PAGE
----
Seferiana earned a master in social work from the University of Washington, and undergraduate degrees from Seattle University. Seferiana was named to the “40 Under 40” Class of 2022 by the American Association of Political Consultants, and one of the 100 Most Influential Seattleites by Seattle Met Magazine in 2021.
Chief Adrian Diaz took the helm of the Seattle Police Department in the wake of massive civil unrest following the deaths of people of color at the hands of police and as COVID swung a wrecking ball through the economy and social safety net. A conversation re-thinking safety, community and accountability.
Chief Adrian Diaz has been a dedicated member of the Seattle Police Department for more than two decades. His work building relationships that bridge race, ethnicity and every flavor of humanity can be seen across the department and in every neighborhood in Seattle.
Chief Diaz began his career in Patrol, the Mountain Bike Unit, and the Anti-Crime Team before joining the Investigations Bureau. He is also a master defensive tactics instructor at the Washington State Criminal Justice Training Commission. He served as assistant chief of a newly created Collaborative Policing Bureau prior to being promoted to the deputy chief. Chief Diaz is now serving as the interim chief of police.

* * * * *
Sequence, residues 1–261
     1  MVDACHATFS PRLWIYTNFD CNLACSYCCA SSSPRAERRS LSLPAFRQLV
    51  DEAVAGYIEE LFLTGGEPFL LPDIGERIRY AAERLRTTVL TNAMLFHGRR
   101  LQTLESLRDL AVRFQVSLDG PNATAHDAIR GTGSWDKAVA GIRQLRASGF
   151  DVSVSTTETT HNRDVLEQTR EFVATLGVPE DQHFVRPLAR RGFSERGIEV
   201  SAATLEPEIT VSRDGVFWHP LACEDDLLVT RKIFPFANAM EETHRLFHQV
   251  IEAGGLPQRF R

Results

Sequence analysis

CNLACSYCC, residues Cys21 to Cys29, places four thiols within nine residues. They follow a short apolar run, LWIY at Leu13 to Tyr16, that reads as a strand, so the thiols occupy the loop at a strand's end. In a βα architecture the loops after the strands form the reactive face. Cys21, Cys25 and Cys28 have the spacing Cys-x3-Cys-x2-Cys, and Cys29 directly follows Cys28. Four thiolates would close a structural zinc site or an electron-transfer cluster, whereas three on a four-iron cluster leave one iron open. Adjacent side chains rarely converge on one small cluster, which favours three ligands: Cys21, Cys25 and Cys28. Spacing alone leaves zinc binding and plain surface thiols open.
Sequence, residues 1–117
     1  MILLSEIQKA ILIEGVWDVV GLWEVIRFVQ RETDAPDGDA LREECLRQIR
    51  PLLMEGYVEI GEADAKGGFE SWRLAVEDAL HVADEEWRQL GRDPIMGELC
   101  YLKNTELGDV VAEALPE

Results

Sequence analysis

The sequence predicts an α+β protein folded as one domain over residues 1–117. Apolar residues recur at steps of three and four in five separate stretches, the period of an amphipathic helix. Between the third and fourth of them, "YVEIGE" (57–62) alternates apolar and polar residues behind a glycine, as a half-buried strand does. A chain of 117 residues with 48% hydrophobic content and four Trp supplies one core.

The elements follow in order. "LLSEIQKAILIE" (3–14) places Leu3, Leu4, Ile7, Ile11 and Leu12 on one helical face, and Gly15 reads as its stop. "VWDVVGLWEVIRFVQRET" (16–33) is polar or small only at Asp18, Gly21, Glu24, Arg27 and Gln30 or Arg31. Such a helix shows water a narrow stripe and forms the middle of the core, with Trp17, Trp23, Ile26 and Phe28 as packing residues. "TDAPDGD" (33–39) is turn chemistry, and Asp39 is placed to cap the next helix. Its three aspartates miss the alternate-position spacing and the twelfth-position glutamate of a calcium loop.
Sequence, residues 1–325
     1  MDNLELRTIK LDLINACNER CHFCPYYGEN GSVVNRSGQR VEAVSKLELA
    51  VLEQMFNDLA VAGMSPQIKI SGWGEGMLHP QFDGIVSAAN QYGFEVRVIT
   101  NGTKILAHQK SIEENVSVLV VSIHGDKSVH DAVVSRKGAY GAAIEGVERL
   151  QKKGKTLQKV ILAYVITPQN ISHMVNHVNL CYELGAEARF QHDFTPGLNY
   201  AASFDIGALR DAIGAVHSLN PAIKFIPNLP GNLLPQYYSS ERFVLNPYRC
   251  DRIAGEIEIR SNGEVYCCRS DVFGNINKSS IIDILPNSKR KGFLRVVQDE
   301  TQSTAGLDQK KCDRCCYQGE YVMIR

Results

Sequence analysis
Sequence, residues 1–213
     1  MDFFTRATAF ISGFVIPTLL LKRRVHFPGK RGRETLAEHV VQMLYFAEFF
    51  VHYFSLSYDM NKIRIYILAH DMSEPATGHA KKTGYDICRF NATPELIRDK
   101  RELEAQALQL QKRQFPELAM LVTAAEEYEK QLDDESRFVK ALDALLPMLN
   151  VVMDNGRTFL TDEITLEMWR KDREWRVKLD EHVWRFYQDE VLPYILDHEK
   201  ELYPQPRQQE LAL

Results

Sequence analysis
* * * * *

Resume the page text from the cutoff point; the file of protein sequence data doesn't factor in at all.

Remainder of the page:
Chief Diaz holds a BA in criminal justice from Central Washington University and an MA in public administration from the University of Washington. He has completed the Major Cities Chiefs Associations Police Executive Leadership Institute, the Cascade Executive Program and the Senior Management Institute of Policing. Chief Diaz has authored numerous national publications in community policing, misdemeanor justice and juvenile justice.
Seattle is in the thick of building a plan for the Seattle of the next two generations. Where we will live and work, how we will move around and whether there will be any green left. The Acting Director of Seattle’s Office of Planning and Community Development and the Director of Seattle's Office of Housing describe how we can be the place of opportunity and equity despite – or thanks to learning from – past mistakes.
Maiko Winkler-Chin currently serves as Director of the Seattle Office of Housing and was the former Executive Director of the Seattle Chinatown International District Preservation and Development Authority (SCIDpda), working to preserve, promote and develop the Chinatown International District as a vibrant community and unique ethnic neighborhood. She brings 25+ years’ community development experience in asset management, property management, real estate development and finance.